SkillsUSA is a vital solution to the growing U.S. skills gap. This nonprofit partnership of students, instructors and industry ensures America has the skilled workforce it needs to stay competitive. Founded in 1965 and endorsed by the U.S. Department of Education, the association serves more than 335,000 member students and instructors each year in middle schools, high schools and colleges. This diverse talent pipeline covers 130 trade, technical and skilled service occupations, the majority STEM-related. More than 600 corporations, trade associations, businesses and labor unions actively support SkillsUSA at the national level. SkillsUSA programs are integrated into career and technical education through a framework of personal, workplace and technical skills grounded in academics. Local, state and national championships, designed and judged by industry, set relevant standards for career and technical education and provide needed recognition to its students. SkillsUSA also offers technical skill assessments and other workplace credentials. For more information, go to: http://www.SkillsUSA.org.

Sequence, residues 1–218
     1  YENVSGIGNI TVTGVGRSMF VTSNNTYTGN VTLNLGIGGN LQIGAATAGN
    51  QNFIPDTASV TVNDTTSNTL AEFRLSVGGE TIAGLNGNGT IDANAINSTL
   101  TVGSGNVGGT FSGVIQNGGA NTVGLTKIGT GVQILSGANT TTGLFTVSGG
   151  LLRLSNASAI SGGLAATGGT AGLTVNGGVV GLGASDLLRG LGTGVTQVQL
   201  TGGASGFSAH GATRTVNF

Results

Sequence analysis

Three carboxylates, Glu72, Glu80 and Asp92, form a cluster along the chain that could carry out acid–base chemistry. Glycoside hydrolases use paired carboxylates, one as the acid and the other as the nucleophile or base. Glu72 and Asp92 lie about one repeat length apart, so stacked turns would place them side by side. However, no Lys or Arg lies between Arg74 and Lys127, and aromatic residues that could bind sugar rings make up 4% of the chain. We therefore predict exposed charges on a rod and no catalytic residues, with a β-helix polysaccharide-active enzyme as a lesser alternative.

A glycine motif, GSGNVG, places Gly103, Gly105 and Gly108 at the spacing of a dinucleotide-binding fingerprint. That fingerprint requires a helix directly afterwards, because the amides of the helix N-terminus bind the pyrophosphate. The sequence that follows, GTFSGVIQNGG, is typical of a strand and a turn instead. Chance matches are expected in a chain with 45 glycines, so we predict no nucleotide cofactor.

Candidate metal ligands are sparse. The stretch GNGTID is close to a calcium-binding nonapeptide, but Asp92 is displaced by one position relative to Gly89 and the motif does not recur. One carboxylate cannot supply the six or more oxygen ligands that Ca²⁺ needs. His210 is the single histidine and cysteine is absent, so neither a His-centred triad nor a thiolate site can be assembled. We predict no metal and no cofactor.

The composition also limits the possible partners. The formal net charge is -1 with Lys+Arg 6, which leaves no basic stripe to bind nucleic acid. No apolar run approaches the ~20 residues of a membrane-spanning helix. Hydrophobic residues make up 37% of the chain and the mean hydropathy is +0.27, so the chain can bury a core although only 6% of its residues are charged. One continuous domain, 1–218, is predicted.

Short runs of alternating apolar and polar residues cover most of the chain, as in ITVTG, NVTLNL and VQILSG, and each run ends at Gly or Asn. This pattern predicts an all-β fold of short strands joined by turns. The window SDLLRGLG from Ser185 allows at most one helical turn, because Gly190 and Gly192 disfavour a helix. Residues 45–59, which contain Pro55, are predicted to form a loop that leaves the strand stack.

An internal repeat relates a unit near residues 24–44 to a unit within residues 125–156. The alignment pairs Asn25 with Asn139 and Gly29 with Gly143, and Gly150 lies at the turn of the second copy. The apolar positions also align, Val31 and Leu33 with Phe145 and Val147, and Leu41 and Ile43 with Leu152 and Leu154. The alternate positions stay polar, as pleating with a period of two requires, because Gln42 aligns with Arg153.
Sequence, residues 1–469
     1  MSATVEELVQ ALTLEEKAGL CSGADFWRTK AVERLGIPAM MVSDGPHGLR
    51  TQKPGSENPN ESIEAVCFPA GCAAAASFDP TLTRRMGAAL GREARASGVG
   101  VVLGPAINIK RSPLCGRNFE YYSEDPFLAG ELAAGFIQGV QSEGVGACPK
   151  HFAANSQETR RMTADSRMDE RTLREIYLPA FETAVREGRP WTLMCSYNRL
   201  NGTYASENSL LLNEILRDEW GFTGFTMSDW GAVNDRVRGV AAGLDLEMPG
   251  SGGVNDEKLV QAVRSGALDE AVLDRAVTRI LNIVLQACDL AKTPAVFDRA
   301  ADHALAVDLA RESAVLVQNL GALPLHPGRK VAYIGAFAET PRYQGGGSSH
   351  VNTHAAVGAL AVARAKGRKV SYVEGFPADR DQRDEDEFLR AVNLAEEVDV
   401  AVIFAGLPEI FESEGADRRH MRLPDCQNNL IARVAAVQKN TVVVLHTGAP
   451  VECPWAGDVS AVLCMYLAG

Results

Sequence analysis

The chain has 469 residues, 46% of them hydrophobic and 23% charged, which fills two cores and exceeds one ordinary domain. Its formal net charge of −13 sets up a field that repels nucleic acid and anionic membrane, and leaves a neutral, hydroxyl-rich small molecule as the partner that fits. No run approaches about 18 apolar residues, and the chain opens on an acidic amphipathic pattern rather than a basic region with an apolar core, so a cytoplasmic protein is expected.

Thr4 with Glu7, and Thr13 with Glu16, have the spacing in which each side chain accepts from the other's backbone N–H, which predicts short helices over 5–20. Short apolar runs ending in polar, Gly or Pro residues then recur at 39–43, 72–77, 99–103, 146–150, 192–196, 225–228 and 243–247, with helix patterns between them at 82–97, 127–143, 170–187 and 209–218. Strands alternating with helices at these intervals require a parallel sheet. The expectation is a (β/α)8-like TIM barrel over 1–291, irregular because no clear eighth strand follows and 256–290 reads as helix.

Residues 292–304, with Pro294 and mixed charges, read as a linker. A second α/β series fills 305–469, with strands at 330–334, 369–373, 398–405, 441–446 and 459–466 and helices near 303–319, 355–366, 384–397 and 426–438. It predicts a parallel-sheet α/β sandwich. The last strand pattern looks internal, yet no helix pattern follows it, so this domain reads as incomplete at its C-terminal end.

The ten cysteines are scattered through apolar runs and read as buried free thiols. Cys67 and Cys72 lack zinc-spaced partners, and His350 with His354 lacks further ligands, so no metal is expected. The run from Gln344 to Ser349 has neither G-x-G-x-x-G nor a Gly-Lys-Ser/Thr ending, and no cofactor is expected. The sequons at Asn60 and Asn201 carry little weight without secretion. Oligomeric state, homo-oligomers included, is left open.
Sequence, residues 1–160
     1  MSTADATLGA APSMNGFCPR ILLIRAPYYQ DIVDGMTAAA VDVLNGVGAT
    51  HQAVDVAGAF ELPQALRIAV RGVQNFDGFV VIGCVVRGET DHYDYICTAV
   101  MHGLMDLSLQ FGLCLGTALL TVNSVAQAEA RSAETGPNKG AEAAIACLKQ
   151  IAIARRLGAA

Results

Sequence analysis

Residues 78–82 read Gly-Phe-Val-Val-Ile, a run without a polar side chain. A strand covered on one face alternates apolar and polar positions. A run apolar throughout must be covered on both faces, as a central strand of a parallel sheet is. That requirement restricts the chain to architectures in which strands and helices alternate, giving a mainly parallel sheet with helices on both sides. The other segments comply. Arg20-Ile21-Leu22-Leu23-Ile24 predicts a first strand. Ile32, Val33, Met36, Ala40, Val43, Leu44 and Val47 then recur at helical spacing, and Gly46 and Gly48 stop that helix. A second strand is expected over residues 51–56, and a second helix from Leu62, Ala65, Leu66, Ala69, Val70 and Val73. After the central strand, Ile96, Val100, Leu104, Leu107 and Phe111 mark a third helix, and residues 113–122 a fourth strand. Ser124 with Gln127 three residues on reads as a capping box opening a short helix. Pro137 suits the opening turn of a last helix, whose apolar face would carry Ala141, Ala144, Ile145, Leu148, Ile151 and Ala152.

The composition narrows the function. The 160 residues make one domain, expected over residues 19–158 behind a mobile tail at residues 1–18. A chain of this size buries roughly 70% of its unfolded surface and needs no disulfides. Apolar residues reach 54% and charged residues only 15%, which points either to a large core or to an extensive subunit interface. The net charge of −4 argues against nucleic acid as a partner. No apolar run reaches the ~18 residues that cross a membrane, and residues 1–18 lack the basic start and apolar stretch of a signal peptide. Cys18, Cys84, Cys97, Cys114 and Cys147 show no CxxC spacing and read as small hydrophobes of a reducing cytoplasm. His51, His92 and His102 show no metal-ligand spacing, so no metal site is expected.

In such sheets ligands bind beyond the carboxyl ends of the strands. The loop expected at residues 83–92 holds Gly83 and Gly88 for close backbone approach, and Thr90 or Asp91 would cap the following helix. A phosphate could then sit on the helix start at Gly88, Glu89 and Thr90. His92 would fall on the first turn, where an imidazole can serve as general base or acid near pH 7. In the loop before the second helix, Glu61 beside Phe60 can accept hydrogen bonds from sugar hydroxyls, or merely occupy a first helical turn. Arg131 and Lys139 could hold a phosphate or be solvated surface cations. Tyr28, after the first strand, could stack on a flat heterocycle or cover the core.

About Lowe’s in the Community
Lowe’s, a FORTUNE® 50 home improvement company, has a 60-year legacy of supporting the communities it serves through programs that focus on K-12 public education and community improvement projects. In the past decade, Lowe’s and the Lowe’s Charitable and Educational Foundation together have contributed nearly $300 million to these efforts, and for more than two decades Lowe’s Heroes volunteers have donated their time to make our communities better places to live. For the latest news, visit corporate.lowes.com/newsroom or follow @LowesMedia on Twitter.